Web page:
Review: Living Dead Girl by Elizabeth Scott

happy thursday. 
do something crazy. 
have an ice cream. 
call an estranged relative. 

title:  Living Dead Girl

author: Elizabeth Scott

pages: 176

format: Hardcover

isbn/asin: 978-1416960591

buy it: Amazon

rating: 5/5 [in the genre] or 7/10 [all books I’ve ever read].

recommended for:  Teenagers.  Anyone mature enough to deal with some really tough topics. Those who enjoy books about the dark side of real life.

Once upon a time, I was a little girl who disappeared.

Once upon a time, my name was not Alice.

Once upon a time, I didn't know how lucky I was.

When Alice was ten, Ray took her away from her family, her friends -- her life. She learned to give up all power, to endure all pain. She waited for the nightmare to be over.

Now Alice is fifteen and Ray still has her, but he speaks more and more of her death. He does not know it is what she longs for. She does not know he has something more terrifying than death in mind for her.

This is Alice's story. It is one you have never heard, and one you will never, ever forget.

the basics
Chilling.  Devastating.  Living Dead Girl is a story of every parent's, and every child's, worst nightmare.  We enter the world of Alice, five years after she has been kidnapped by the abusive Ray.  The story winds between her memories of that fateful day and her struggle to escape his new plan for her: find a new Alice.  This isn't for the weak stomached.  Alice goes through some of the worst torture, physical and sexual, a person can experience.  In books like this, it's easy for the the violence to become maudlin or offensively exploitative.  Instead of a meaningful book, it becomes little better than a shower scene in a slasher film.  Scott avoids that pitfall.  By focusing on Alice's mental and emotional reactions rather than the details of the tortures, she shows a faithful picture of the horror without making it tacky.  Alice is instantly lovable and her story is a mix of thriller and memoir that picks up and doesn't let go.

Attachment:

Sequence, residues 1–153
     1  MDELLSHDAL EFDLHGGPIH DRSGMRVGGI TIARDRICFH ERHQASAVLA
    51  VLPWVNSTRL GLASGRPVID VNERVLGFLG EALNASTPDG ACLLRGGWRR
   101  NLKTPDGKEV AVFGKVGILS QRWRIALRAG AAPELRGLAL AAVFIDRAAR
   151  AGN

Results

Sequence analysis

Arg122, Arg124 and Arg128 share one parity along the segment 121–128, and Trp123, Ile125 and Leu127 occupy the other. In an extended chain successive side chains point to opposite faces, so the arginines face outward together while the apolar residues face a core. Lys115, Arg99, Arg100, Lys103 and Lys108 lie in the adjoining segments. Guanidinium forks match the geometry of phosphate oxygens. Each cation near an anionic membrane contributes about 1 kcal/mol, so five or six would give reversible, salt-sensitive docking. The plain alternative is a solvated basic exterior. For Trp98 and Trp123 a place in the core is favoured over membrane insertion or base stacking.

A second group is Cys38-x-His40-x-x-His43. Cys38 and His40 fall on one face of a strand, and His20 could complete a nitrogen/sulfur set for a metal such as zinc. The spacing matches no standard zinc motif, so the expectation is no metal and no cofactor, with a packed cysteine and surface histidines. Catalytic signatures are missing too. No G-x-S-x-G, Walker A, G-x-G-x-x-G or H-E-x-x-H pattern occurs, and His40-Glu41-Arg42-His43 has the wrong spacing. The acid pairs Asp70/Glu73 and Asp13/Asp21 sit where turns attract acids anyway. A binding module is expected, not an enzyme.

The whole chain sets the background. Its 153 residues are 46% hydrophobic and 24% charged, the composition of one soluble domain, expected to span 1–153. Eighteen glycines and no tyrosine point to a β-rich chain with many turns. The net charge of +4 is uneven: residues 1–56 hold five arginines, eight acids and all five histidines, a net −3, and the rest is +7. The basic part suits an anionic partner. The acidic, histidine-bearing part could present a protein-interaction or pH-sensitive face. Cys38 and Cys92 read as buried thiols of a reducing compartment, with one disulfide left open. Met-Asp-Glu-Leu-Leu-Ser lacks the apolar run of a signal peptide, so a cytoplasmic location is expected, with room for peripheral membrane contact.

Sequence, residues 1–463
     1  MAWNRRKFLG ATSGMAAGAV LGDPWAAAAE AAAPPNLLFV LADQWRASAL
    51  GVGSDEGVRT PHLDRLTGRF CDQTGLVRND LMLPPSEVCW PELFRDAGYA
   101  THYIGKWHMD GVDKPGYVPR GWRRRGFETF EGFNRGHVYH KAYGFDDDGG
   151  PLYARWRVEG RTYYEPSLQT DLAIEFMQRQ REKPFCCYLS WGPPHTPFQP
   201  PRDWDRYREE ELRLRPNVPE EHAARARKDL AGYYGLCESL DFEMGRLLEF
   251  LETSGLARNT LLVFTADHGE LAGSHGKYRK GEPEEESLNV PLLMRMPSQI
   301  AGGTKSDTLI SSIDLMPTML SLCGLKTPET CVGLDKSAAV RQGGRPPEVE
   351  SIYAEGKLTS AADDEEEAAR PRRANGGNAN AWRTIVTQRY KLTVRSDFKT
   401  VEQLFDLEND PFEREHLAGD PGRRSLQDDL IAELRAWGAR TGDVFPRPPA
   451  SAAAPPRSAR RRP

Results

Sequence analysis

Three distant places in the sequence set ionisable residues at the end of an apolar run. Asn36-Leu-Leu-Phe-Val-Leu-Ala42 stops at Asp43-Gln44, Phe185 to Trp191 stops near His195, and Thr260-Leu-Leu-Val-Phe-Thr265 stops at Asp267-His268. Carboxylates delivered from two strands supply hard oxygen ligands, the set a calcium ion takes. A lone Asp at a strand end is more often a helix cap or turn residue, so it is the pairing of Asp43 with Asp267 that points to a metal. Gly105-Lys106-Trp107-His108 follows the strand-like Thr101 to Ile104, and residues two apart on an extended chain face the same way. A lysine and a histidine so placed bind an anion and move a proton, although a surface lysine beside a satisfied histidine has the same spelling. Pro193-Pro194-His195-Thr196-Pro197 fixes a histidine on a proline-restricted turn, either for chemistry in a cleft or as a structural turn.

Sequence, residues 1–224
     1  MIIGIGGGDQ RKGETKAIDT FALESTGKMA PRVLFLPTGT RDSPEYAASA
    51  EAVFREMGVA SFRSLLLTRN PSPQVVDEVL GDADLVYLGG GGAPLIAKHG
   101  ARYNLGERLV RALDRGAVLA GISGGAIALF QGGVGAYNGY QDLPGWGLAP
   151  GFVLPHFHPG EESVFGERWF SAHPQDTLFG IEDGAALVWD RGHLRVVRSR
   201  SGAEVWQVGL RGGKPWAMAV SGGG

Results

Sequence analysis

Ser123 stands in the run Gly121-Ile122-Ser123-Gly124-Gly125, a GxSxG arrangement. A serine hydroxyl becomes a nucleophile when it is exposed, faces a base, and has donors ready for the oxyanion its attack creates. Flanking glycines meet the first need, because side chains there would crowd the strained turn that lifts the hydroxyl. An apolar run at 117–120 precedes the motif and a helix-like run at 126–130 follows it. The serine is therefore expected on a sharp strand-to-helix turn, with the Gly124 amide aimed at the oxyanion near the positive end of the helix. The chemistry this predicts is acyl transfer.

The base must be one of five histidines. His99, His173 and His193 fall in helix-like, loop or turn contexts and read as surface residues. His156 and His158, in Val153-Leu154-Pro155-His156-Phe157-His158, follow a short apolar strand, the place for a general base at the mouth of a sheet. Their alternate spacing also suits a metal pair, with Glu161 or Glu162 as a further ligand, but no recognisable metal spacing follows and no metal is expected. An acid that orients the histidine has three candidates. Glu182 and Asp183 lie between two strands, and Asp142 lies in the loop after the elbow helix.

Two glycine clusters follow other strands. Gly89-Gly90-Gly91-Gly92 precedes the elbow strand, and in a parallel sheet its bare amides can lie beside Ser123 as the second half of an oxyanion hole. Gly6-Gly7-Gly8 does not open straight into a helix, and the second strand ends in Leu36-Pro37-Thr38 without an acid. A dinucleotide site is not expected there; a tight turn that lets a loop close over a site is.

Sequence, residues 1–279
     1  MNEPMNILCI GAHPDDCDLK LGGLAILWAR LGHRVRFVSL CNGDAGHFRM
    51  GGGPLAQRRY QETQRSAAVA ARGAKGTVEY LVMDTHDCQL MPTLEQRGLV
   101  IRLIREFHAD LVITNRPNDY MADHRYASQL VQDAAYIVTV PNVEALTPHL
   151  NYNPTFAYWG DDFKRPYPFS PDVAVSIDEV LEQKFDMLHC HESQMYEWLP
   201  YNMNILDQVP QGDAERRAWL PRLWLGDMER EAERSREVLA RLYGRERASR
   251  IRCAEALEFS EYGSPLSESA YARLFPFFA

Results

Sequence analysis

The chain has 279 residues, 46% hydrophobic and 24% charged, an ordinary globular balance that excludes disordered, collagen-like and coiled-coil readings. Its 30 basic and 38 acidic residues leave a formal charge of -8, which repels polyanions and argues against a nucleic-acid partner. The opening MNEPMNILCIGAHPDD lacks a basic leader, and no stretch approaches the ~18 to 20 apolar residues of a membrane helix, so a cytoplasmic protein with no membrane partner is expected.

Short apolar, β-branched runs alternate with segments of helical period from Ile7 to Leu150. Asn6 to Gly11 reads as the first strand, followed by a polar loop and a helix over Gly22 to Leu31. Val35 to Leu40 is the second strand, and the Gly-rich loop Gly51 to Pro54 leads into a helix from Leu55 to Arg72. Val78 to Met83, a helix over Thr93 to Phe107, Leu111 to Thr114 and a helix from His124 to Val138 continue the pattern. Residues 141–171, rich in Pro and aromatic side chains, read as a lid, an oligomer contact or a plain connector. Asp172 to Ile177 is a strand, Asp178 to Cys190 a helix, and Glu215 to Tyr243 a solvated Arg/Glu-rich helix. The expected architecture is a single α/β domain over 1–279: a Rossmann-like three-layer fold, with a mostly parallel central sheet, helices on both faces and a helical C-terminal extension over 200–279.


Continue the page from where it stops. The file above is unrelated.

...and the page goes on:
plot . 5/5
There's no slow buildup.  You're thrown right into Alice's hell.  It's an interesting choice.  We see the kidnapping and glimpses of the past several years in flashback chapters, but not directly.  We see her memories.  It allows the story to pick up right away and to avoid getting down in a lot of exposition.  It also allows us to come in at Alice's worst moment: the moment Ray says he has a new plan for her.  This plan, to steal another child, is horrifying in itself, and a clever literary choice.  It shows us just how broken Alice is mentally--so desperate for freedom from her abuse that she'll do anything to remove Ray's attention from her.  The ending is abrupt, but I don't think it would have been good for it to drag either.

concept . 5/5
You see it a lot on crime shows, but this is the first book I've read about it.  It's a rare and horrific thing, kidnapping and sexual slavery.  It make for a book that could be sensationalized.  Used as "torture porn."  It's not.  Scott does a great job of portraying Alice's life faithfully.  The story focuses mostly on her inner thoughts and reactions, so we see the true damage caused by this situation, beyond just the physical.  It's an important point to make, and it underscores the message of the title--Living Dead Girl--perfectly.

characters . 5/5
There aren't many characters.  Alice lives a secluded life with her abuser, who doesn't even appear in the text as often as you'd expect.  However, we still know him intimately.  We know him through Alice's descriptions of his abuse.  Her fear of him.  The details she slips about his life and his threats.  We even pity him, briefly, while still hating him.  In the same way, Jake is both lovable and loathable.  He's no prince charming, but he's as deeply broken as Alice and looking for any way to escape.  He's that dark part of all of us.

style . 5/5
The style is beautiful, lyrical, poetic at times.  But not in a flowery way.  It shows how deeply Alice lives in her inner world.  Dead, but still moving through the world.  Still forming impressions.  Her voice has a dreamlike, trancelike quality to it--perfect for a zombie, a Living Dead Girl.  It's gorgeous writing that you don't get to see much in the young adult genre.

mechanics . 5/5
Part flashback, part thriller, part philosophy.  We get impressions, memories, thoughts, dreams--it's like being inside of Alice's head.  And of course the formatting is polished and pretty.

take home message
A chilling slice of a tortured life that shows just how deeply abuse can leave scars, in and out.

Note: I purchased this copy. The price of the book and its origin in no way affected my stated opinions.


  1. I want this books. This is my kind of dark psych thriller read. Thanks for sharing


    1. It's definitely dark! I hope you enjoy it.